What happens if… I want to protect my assets before I get married?

Getting married is a wonderful, exciting time for couples. In the build-up to getting married and in the midst of arranging their perfect wedding, couples might not pay much attention to what could happen if their relationship doesn’t work out in the long-term.

Given that data from the Office for National Statistics shows almost half (42 per cent) of marriages in England and Wales end in divorce, it is important for couples to prepare for all eventualities.

Many couples preparing for marriage may have accrued significant assets in their own names prior to the relationship or marriage, such as property, business interests, pensions, savings etc. The best way to ensure that each party’s assets are protected in the event of an unfortunate breakdown in the marriage is to enter into a pre-nuptial agreement.

A pre-nuptial agreement or ‘prenup’ as it is often referred to, is a formal document which enables couples to set out exactly, in writing, what will happen to their own assets in the event of a divorce.

In recent years, pre-nuptial agreements have become increasingly common in England and Wales, as divorce rates continue to rise and celebrity splits reveal messy examples of what might happen on divorce.

In England and Wales, the starting position in any divorce is to divide the assets equally between the divorcing couple. However, the reality of many modern relationships is that one partner sometimes will have made a greater financial or asset-based contribution to a relationship than the other.

Persuading the Court to depart from equality can be both difficult and costly, so it is imperative that a party seeking to ring-fence their assets puts early protective measures in place prior to the marriage taking place.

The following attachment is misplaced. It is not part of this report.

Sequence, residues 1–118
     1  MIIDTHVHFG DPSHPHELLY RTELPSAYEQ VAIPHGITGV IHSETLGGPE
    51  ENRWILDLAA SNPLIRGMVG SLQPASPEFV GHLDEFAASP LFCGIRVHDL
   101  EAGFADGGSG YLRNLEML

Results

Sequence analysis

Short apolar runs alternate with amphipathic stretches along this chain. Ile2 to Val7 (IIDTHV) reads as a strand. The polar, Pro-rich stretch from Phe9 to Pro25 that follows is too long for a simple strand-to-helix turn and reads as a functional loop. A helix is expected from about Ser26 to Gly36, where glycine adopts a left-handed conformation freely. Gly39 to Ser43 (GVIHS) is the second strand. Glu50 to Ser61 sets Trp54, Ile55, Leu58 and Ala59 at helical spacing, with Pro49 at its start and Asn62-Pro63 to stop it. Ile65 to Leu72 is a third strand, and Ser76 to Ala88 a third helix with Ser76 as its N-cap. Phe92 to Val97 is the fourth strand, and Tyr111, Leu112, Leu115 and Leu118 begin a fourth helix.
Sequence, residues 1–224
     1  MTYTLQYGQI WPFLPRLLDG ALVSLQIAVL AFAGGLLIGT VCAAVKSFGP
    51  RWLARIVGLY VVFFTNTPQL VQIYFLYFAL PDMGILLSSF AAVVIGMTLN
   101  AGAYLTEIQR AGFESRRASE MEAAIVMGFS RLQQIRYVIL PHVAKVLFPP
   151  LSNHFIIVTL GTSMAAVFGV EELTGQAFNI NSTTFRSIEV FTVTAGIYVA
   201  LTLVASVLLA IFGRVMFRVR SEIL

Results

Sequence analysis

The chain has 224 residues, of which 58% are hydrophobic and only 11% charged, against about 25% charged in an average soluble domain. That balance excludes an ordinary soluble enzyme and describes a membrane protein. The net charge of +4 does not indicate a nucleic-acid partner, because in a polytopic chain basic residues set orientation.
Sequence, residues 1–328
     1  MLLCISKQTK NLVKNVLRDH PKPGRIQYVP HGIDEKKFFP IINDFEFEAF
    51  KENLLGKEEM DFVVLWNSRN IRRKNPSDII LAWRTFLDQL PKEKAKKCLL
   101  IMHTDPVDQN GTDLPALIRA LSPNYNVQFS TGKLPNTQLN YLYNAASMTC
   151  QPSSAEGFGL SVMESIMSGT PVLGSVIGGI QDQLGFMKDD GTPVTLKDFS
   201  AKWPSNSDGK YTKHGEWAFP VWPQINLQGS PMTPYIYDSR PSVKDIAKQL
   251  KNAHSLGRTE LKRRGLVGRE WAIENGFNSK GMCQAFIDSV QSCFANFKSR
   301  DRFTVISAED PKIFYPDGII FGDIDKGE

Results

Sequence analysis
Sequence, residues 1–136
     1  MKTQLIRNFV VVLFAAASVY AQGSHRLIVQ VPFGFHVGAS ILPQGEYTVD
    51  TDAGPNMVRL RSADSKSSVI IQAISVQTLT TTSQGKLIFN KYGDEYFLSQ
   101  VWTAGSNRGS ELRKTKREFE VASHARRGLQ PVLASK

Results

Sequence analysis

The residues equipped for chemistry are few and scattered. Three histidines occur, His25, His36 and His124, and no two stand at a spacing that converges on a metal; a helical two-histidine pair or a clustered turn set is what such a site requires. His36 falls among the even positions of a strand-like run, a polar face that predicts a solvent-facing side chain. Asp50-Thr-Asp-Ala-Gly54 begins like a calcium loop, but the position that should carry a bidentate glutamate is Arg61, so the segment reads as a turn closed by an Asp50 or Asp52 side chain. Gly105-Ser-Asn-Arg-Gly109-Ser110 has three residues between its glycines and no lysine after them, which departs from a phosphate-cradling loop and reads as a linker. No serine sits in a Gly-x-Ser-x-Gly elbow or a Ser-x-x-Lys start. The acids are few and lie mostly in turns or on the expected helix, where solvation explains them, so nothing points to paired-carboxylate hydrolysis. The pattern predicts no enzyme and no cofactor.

Pre-nuptial agreements must layout “who owns what” from day one, ensuring that each partner knows where they stand from the outset and that the likelihood of uncertainties or arguments arising, later on, is minimised. Various criteria need to be met and the pre-nup must always be fair to both sides given the circumstances of the relationship.

Whether you are getting married for the first time or remarrying in later life, it is important to seek tailored advice from a specialist solicitor to ensure that your assets are protected and your pre-nuptial agreement is water-tight.

To find out more about pre-nuptial agreements, speak to our specialist Family Law Team today; we act for individuals with issues in all aspects of family life, whether you are married, in a civil partnership, or cohabit.

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https://blog.mackrell.com/happens-i-want-protect-assets-i-get-married/
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Alison Green
Alison joined Mackrell Turner Garrett in 1989 and qualified as a solicitor in 1991, becoming a partner in the firm in 2010. Her expertise covers matrimonial work, including divorce and the associated financial and children issues; pre and post-nuptial agreements; co-habitation disputes; civil partnership agreements and the breakdown of civil partnerships.